Today’s Poll

City ‘too restrictive’ in its proposed cannabis legislation: Compassion Club manager

Timothy Schafer
By Timothy Schafer
May 7th, 2018

The city has gone too far and is too restrictive in its proposed cannabis legalization legislation, says a long-time pot proponent, and it should embrace the plant, not subvert it.

Nelson Cannabis Compassion Club (NCCC) manager Philip McMillan said the city’s draft legislation is tightening the clamp on cannabis beyond that of the federal and provincial governments’ proposed legislation.

During the recent city open house on the draft cannabis legislation McMillan and 42 other people took the time to add another layer of input to the cake city staff is baking, and gave their views on the document city staff has assembled so far.

According to McMillan, the city is missing the mark on cannabis, as well as an opportunity.

“We should be embracing this industry. We are famous, worldwide, the Kootenays, B.C. bud for what we grow here,” he said, adding that if the city relaxed its rules it could easily foster the industry, creating jobs with more growers and manufacturers.

“Maybe then we wouldn’t be three per cent above the provincial unemployment rate,” McMillan pointed out. ”Cannabis and the Kootenays just go together.”

He said the separation distance and legislation of specific areas for cannabis operations to set up shop, as well as limiting the number of stores allowed, was too restrictive. McMillan noted that the NCCC spent 15 years a half a block from a daycare on Josephine Street without incidence.

“No one has ever died (from cannabis) and yet we have to have all of these conditions,” he said.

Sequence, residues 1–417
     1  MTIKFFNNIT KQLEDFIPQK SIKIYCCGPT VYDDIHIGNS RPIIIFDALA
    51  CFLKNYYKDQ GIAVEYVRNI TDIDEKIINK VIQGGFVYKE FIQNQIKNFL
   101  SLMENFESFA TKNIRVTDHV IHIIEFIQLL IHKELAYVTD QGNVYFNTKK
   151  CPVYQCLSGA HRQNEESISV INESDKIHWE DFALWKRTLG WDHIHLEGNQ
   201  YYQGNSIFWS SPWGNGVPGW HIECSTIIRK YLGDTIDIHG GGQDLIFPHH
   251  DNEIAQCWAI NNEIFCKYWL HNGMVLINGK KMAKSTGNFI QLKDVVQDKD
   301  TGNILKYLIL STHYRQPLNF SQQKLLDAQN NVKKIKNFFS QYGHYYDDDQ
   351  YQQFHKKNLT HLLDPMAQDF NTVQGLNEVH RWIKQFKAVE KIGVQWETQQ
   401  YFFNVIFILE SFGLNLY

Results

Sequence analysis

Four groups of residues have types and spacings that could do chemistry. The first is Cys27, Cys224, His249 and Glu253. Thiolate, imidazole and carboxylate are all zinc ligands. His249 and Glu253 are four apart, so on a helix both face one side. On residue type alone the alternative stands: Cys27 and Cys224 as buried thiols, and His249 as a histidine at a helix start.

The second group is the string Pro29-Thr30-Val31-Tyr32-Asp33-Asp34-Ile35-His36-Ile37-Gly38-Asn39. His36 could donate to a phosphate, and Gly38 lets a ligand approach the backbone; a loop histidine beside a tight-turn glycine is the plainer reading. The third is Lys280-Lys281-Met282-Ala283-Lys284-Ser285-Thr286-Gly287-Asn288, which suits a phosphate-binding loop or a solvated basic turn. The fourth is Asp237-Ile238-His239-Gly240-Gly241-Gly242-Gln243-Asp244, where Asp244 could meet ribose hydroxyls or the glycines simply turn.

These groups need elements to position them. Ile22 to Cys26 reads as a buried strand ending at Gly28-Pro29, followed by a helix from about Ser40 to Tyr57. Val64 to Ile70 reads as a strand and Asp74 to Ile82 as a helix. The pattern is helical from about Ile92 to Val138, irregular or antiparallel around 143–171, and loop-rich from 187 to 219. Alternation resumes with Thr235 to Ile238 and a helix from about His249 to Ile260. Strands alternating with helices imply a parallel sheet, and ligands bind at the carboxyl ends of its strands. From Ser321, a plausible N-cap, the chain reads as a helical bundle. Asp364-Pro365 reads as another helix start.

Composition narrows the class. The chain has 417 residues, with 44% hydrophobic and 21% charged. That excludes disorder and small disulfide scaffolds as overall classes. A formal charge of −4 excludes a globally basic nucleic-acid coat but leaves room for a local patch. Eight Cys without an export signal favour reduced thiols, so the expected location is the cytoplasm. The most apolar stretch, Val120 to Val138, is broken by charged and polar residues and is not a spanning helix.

However, the requirement of a separation distance from schools, youth facilities and other areas that youth and children frequent was the principal concern heard from feedback received from city stakeholder groups, said city director of development services, Pam Mierau, about the recreational cannabis public engagement results.

She said most people felt recreational cannabis should be regulated under the city’s Clean Air Bylaw for smoking and consuming cannabis, and a cap needed to be placed on the number of recreational cannabis businesses allowed.

“Most areas across the country supported no public consumption,” said Mierau.

Feedback forms were distributed to 4,959 households and 686 businessesduring the first and second week of February, said Mierau, with response rate of 32 per cent of households and 27 per cent of businesses mailing back their form.

Not having control on the number of outlets or on the separation distances from youth facilities, schools, each other or liquor stores, and could potentially affect “the long-term viability of other retail stores that are key to the success of Nelson’s downtown,” Mierau added.

This includes all of the downtown, Railtown, along Front Street and Nelson Avenue, adjacent to the highway on the North Shore, in neighbourhood grocery stores, a few locations along Hall Mines Road, as well as along the waterfront including the two development sites Kutenai Landing and Nelson Landing.